Why The Weather Is Weird, And What That Could Mean For Your Writing…

How’s it going? I wanted to go a little off the beaten path today, so to speak, and tie it in.

Let’s get to it.

I was reviewing my journal today–basically a sorta dry, where/what/when of me and my day-to-day stuff that I try to write every day. Here I was flipping the pages, and I (re)learned that a month ago, on the 13th of December (well a little more than a month ago actually) it was a little over 60 degrees outside.

In December. In the Midwest.

It’s pretty amazing to think of that, when I can see snow outside my window right now, and that I’d seen the plow go by about 25 or so minutes ago.

Maybe that’s why I like to think of fictional universes in terms of their settings a lot. Although there have been times that weird weather is much weirder than any setting detail I’d come up with (like times in July that I’ve worn shorts, and the times I’ve worn coats).

What’s my point here?

Well, and I’ll probably say this a lot or I have already…

It helps to think of things from more than one angle–at least two, and four or more if possible. Just like having a warm December and a normal January. If that’s possible, what else is?

That’s why we as writers experiment so much with details in fiction, like characters, point of view, what character’s point of view we use (like remembering that bad guys have their own ideas, hopes, and dreams too), and what-have-ya.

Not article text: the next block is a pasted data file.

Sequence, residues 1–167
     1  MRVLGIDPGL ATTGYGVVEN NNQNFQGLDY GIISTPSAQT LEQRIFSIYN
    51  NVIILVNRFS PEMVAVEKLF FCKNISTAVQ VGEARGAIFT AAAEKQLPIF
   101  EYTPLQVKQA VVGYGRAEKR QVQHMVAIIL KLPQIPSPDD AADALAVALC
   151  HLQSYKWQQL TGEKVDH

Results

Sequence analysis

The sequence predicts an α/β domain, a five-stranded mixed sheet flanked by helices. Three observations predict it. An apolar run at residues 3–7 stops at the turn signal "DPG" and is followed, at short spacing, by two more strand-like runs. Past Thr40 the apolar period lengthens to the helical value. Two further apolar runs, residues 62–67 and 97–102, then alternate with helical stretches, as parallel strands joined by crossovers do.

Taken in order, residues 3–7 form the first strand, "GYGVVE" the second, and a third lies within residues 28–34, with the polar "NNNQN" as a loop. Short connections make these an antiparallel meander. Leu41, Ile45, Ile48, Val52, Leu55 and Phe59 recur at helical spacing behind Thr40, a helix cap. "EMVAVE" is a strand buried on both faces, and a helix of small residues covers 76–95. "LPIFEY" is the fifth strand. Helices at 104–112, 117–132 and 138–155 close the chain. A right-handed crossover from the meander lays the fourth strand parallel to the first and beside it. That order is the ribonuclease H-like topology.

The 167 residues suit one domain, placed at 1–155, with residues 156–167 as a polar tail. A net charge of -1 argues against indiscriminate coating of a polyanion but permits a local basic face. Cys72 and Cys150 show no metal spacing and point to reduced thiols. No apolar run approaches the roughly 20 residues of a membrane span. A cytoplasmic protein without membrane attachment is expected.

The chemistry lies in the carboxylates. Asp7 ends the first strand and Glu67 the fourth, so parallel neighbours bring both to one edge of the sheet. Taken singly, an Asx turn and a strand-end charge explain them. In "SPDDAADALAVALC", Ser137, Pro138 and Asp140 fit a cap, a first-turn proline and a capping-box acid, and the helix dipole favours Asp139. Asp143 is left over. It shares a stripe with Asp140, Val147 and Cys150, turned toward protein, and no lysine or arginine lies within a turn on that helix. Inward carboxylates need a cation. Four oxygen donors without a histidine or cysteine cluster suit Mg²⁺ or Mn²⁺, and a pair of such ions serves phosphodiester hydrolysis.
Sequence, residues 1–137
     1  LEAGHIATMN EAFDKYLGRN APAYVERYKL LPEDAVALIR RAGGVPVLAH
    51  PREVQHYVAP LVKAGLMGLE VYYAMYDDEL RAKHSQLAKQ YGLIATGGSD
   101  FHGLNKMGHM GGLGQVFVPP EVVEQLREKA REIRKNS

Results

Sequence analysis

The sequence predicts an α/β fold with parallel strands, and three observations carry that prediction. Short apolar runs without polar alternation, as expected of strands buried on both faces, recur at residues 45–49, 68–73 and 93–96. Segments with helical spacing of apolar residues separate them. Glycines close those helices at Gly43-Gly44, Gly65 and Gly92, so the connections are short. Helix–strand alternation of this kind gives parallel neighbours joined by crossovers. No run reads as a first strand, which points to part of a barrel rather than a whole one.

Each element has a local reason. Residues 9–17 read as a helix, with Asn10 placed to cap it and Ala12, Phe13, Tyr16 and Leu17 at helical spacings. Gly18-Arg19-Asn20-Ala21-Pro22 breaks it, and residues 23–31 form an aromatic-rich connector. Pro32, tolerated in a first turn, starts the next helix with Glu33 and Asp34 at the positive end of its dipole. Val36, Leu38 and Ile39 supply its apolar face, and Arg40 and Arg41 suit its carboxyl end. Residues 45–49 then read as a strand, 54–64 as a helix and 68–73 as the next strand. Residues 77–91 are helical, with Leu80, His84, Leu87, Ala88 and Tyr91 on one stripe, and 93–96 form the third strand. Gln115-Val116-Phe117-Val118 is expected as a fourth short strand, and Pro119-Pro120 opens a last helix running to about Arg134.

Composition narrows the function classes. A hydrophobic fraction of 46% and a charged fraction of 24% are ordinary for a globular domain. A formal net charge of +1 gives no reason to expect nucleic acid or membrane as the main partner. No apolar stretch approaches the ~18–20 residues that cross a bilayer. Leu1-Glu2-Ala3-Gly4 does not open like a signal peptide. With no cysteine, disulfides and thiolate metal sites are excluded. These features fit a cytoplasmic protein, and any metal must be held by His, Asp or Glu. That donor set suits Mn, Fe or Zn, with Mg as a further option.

Copywriters don’t come up with one idea for a subject line or headline for a sales letter and go with it–they come up with a bunch of them, and then test them or run them by other people they trust to get feedback before whittling down their choices and moving ahead.

As far as research in the age of the Internet, I’ve heard from a respected copywriter that more isn’t always better.

But for things like brainstorming you want to have a lot of ideas–a lot of different angles and details to emphasize–or decide whether to emphasize. Which also leads you to determining WHY something is important and needs to be included.

So the next time you’re stuck for a subject line, bullet, or what-have-ya–study your characters, and your prospects’ thoughts, needs, and more.

And then try to get more things to pick from–start big, and narrow down. Pick what to emphasize based on what will do the most for you and your story–to cover the most ground and suggest or imply the most in the fewest words.

This Friday is the prompt for Triple F. Be sure to stop by then if you don’t hear from me tomorrow.

Until next time,

Ty

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About Ty Mall

Thanks for stopping by. I've almost always been interested in writing, among other things. Along with discovering pop culture, I've uncovered a lot about the craft over the past 10 years. And whether you're a fiction writer or email copywriter, I'm here to pass on what I've found out. And have a ton of fun in the process.
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